Setback: Bundesliga side FC Cologne reports 3 coronavirus positive tests after resumption of training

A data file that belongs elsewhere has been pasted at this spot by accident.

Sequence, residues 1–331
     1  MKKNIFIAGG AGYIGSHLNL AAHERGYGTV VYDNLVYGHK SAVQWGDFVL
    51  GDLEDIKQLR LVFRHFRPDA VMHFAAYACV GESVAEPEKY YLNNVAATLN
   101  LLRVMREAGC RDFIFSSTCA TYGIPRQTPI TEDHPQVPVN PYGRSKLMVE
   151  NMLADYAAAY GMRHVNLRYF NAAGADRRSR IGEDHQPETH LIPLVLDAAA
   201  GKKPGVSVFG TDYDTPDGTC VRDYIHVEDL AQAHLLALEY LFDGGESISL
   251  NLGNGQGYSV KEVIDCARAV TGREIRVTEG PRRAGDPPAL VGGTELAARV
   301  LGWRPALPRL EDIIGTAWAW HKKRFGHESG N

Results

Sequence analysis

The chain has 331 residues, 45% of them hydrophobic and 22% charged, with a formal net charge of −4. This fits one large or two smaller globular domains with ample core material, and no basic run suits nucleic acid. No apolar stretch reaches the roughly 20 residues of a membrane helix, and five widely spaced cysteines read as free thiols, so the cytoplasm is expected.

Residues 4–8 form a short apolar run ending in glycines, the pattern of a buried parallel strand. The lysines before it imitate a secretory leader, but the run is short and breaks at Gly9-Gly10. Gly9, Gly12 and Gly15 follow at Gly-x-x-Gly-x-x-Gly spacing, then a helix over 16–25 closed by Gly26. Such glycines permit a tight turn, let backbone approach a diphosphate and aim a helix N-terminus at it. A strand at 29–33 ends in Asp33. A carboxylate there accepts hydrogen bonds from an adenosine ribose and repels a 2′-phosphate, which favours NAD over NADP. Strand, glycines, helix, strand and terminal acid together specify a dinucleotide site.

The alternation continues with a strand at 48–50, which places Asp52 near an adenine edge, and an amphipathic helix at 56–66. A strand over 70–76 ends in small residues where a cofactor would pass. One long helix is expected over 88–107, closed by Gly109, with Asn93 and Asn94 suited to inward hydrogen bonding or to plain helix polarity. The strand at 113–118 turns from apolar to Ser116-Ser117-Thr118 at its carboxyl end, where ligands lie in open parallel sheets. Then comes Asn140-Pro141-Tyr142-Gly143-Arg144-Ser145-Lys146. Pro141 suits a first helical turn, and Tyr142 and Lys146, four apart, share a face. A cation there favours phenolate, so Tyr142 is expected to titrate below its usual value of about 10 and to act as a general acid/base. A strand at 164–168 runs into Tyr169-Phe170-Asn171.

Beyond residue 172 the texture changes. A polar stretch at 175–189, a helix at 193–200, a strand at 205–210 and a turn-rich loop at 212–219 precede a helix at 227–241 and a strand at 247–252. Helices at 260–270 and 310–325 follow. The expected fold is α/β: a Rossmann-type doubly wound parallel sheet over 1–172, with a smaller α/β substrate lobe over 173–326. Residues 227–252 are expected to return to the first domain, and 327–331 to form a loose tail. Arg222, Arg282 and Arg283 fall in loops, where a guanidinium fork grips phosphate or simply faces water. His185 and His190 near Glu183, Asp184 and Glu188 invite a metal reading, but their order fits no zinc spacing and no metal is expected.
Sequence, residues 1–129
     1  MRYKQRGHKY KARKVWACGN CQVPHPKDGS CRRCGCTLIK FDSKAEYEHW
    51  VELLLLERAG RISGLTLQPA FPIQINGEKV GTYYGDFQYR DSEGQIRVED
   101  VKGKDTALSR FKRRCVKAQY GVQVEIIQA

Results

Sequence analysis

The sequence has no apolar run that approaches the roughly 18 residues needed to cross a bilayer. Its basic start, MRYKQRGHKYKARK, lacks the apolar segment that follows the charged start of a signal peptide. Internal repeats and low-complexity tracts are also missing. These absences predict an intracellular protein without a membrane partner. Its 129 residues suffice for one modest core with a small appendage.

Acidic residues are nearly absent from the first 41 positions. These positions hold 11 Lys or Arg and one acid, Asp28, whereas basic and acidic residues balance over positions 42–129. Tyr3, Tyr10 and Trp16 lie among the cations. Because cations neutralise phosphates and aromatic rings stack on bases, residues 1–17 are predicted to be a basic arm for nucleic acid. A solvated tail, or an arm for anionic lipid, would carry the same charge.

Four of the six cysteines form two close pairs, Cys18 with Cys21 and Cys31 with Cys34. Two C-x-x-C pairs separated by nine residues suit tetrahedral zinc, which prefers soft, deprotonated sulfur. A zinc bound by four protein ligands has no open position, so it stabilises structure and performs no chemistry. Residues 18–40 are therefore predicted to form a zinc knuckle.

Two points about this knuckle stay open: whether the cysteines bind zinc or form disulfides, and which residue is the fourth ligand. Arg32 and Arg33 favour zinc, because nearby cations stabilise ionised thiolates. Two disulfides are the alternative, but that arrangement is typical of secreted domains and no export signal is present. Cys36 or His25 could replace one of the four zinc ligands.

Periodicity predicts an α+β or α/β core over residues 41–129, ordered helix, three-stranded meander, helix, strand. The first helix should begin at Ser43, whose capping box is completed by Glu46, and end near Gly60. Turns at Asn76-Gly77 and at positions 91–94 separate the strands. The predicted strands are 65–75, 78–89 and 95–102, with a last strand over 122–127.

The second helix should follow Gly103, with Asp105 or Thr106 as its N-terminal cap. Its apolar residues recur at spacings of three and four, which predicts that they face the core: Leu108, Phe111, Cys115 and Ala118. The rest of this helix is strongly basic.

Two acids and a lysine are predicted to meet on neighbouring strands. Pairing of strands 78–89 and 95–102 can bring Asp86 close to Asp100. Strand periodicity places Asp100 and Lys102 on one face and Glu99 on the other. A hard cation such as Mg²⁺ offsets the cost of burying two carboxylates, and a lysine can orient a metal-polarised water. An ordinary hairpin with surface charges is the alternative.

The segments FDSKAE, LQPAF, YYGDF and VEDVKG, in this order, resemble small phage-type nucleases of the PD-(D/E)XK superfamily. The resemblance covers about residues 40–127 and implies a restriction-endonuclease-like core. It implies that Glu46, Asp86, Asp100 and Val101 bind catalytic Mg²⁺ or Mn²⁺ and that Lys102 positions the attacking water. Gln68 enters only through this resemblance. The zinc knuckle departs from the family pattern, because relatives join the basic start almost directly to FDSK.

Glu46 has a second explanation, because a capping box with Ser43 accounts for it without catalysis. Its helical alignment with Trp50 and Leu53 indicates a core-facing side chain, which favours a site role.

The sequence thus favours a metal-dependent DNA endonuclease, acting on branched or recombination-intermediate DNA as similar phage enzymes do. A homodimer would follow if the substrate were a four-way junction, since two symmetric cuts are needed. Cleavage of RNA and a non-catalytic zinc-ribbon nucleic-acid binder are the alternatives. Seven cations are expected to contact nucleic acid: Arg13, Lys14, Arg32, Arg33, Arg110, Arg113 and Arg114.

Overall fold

first_imgImage Courtesy: CBS SportsAdvertisement wNBA Finals | Brooklyn Vs936h9Wingsuit rodeo📽Sindre E1r82gq( IG: @_aubreyfisher @imraino ) aoWould you ever consider trying this?😱6jnfr1Can your students do this? 🌚3a7yzRoller skating! Powered by Firework World sport has been on hold since the novel Coronavirus outbreak turned into a pandemic and started spreading globally. After several postponements in the past months, many top European football leagues have started to cancel the ongoing season. However, some leagues have still kept the current season on hold, one of them being the Bundesliga. FC Cologne, one of the popular clubs out of the German league had even resumed training. The unfortunate result of it is three confirmed COVID-19 cases in the club.Advertisement Image Courtesy: CBS SportsWhile the German government has postponed any decision regarding any sporting activity in the country until May 6th, some Bundesliga clubs, including FC Cologne are already populating the training grounds, even though there is no confirmed date on the restart of the league yet.However, after the confirmation of three Coronavirus cases, Cologne has put their entire squad, officials and staffs undergo testing on Thursday. The news was confirmed through a statement on the club’s official website.Advertisement “FC Köln had the entire team and coaching staff, along with the backroom staff, tested on Thursday for COVID-19. Three people tested positive, all are symptom free.” the statement read.“After an assessment of the cases by the responsible health authorities, the three people who tested positive will go into a 14-day quarantine at home,” the statement added.Advertisement Cologne has also chosen not to reveal the identities of the three COVID-19 affected patients.“The health and private sphere of players and staff have priority above all else,” Horst Heldt, Cologne’s managing director added on the situation, “the previous measures, as well as the strategy of regular tests, have proven themselves so that we can now react with individual solutions.”Christian Seifert, chief executive of German Football Association (DFL) had recently touched on the option of a behind closed doors return of Bundesliga on 9th May. Although, with the further delay on the government’s announcement regarding sports, it is unlikely that there will be any footballing action in Germany in the upcoming weeks.Cologne currently sit in 10th position in the league table, with 32 points from 25 matches.Germany has seen over 164,000 positive Coronavirus cases till date, and 6736 patients have succumbed to the virus.If you like reading about MMA, make sure you check out MMAIndia.com Also follow India’s biggest arm wrestling tournament at ProPanja.comAlso read-US Women’s football team goes to court over equal pay…and loses due to insufficient evidence!Serie A clubs unanimous in their decision to finish the season Advertisementlast_img read more